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Rohingyas still displaced

Rohingyas still displaced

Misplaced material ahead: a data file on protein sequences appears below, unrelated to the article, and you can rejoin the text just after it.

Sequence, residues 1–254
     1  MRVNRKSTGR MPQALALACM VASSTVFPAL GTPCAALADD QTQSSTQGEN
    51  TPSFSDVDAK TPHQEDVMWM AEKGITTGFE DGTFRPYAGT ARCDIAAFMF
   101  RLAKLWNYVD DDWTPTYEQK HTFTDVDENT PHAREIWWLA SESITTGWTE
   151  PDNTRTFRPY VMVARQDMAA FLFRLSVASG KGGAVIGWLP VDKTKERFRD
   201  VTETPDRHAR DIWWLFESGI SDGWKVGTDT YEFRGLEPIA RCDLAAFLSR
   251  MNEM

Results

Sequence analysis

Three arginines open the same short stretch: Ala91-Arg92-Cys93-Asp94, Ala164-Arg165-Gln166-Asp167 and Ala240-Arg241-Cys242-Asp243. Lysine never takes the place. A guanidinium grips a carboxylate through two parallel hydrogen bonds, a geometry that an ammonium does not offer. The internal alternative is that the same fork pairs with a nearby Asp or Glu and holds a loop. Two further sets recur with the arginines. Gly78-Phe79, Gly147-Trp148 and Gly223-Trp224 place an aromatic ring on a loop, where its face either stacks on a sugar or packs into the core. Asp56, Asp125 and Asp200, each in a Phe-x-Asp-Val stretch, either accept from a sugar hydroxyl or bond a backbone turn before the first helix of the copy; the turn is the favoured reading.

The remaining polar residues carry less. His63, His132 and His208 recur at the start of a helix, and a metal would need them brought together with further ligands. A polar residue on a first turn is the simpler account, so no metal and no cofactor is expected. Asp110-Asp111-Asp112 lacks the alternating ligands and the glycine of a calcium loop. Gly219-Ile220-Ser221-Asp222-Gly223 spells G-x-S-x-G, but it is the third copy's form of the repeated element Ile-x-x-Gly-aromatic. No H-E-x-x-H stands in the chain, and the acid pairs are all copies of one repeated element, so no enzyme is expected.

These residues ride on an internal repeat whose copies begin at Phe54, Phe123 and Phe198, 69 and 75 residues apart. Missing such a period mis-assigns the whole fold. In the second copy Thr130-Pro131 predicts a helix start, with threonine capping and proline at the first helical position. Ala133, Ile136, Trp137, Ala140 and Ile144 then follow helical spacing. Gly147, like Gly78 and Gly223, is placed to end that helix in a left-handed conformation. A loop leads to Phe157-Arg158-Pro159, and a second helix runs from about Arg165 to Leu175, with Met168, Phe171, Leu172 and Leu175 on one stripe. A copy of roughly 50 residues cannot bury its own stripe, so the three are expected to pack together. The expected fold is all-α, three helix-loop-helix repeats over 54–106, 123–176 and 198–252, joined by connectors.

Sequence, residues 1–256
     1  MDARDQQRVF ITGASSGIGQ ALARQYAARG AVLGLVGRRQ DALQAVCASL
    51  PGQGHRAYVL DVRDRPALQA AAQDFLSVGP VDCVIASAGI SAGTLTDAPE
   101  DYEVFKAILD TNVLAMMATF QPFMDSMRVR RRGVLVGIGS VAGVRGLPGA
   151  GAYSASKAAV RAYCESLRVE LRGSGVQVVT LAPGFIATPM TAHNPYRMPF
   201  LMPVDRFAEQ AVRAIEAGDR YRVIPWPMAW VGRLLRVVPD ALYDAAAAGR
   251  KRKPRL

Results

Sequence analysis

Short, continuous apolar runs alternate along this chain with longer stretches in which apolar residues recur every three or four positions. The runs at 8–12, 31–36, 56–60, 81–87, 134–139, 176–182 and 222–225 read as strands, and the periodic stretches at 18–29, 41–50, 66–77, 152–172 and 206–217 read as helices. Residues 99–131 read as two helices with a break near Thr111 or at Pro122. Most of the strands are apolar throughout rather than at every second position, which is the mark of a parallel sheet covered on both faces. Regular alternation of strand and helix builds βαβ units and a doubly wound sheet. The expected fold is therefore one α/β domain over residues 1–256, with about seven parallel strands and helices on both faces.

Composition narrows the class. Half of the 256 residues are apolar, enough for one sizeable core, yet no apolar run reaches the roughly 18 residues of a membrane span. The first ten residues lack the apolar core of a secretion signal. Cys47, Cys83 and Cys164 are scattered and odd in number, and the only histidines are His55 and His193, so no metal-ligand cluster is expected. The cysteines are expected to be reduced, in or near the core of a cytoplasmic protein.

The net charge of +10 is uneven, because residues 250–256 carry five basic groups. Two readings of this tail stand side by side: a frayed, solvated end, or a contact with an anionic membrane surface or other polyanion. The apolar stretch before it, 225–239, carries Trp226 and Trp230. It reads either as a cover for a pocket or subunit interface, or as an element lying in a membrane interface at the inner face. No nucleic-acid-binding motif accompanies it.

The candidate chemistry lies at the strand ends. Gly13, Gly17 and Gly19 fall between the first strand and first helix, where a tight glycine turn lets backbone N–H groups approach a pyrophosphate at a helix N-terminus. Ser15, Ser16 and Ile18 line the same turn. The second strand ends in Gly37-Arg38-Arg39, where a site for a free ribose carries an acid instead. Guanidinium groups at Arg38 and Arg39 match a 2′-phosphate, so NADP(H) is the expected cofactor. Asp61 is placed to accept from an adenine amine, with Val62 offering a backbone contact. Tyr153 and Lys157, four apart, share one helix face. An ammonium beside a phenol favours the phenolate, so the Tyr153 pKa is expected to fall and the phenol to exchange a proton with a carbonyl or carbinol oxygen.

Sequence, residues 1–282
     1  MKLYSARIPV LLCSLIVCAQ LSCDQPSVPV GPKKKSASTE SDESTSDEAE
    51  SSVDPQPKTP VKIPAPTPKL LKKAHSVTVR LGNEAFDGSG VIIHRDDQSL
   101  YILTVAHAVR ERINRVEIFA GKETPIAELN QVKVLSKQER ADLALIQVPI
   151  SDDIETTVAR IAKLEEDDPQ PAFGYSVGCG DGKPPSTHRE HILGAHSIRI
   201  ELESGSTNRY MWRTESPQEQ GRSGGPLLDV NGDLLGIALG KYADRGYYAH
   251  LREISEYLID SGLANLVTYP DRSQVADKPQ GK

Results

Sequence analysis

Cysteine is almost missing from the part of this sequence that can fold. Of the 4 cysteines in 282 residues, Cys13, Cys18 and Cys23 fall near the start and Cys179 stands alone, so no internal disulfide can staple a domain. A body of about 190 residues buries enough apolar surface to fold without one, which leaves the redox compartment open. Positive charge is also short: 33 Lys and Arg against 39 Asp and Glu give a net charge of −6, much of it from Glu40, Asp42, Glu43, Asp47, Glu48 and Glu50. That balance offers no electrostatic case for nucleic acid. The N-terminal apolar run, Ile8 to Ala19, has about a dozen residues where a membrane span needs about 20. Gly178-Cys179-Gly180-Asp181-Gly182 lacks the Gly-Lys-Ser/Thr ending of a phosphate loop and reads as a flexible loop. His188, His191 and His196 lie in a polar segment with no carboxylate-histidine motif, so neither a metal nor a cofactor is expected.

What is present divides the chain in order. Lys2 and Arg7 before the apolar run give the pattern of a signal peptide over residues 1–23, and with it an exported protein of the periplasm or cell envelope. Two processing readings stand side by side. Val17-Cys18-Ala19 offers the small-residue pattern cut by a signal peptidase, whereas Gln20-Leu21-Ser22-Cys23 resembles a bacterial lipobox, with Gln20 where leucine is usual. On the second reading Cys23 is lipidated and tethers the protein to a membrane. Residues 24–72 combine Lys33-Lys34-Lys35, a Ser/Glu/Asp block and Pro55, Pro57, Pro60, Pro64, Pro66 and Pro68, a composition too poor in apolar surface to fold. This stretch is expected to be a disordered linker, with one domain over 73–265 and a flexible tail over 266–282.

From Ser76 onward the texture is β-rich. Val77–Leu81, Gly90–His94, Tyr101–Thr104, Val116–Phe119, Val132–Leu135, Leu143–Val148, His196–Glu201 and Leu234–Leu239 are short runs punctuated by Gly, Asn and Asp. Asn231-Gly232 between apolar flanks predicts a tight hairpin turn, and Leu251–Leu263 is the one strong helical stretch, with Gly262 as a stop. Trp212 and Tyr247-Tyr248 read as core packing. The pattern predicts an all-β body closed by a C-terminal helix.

Amid a worsening crisis involving Rohingyas in Myanmar's Rakhine province, Prime Minister Narendra Modi, during his ongoing three-day visit to Myanmar beginning Wednesday, expressed India's commitment towards progressing the long-running Indian infrastructure projects in the country. Although Myanmar's state counselor and foreign minister Aung San Suu Kyi, is under immense international pressure to control the alleged human rights violations against the Muslim Rohingyas in the Buddhist dominated nation, India has expressed its firm stand against Rohingyas stating that they would be deported since they have been living illegally in the country. In August, the Ministry of Home Affairs had sent a letter to all state governments asking them to identify and deport all illegal immigrants, including the Rohingya refugees. The letter said that the refugees were a potential security threat and an additional burden on available resources. The Minister of State for Home Affairs, Kiren Rijiju, claimed that Rohingyas are illegal immigrants and thus needed to be deported as per the law. "I want to tell the international organisations, without taking cognizance of the Rohingyas as registered, that whether they are registered under the United Nations Human Rights Commission or not, they are illegal immigrants in India," he said. On the other hand, the Supreme Court of India is expected to hear a plea on September 11, seeking a direction to the Central government against deporting about 40,000 Rohingya Muslim refugees back to Myanmar. The petition, filed by two Rohingya Muslims, said that they were facing persecution in Myanmar and sending them back would be an act in violation of various international conventions. On August 18, India's National Human Rights Commission had issued a notice to the Home Affairs Ministry over its decision. The Commission had said that as per the Constitution of India, the Right to Life and Personal Liberty applies to all – irrespective of their citizenship. A day earlier, the Human Rights Watch had urged New Delhi to 'abide by its international legal obligations' without forcibly deporting the Rohingyas. However, apart from where India would deport them — neither Myanmar nor Bangladesh wants them — India seems to have given a miss to the standing idea of 'nonrefoulement' – a jus cogens (peremptory norm) of international law – which forbids a country receiving asylum seekers from returning them to a country in which they would be in likely danger of persecution based on 'race, religion, nationality, or membership of a particular social group or political opinion'. Unlike political asylum, which applies to those who can prove a well-grounded fear of persecution based on a certain category of persons, nonrefoulement refers to the generic repatriation of people, including refugees into war zones and other disaster locales. Though the daily rate of refugees entering Bangladesh continues to rise as the satellite images still show Rohingya villages burning in flames, Modi is unlikely to be litigious in his appraisal of the crisis during this bilateral state visit – taking place after the ASEAN summit in 2014. India seeks to boost economic ties with resource-rich Myanmar, also sharing a 1,600-km border with India, to counter the dragon's influence there and step up crucial connectivity with a country considered to be the gateway to Southeast Asia. The Indo-Myanmar trade has grown to around 2.2 billion USD. And, the rise in violence following a military counter-offensive against insurgents killed at least 400 people and triggered the exodus of nearly 90,000 villagers to Bangladesh since August 25. This could be a very vexing and complex issue for the development of a transport corridor that begins in Rakhine with the Indian-built port of Sittwe. In such conditions, Modi has no option other than to pass the bucks on Myanmar as the Rakhine violence has regional implications, which also found mention in his address. Under the existing International Laws – India is once again all set to bear the burden of Rakhine's 'unwanted' war refugees – similar to what has been witnessed in the past with Bangladeshis and Afghans.

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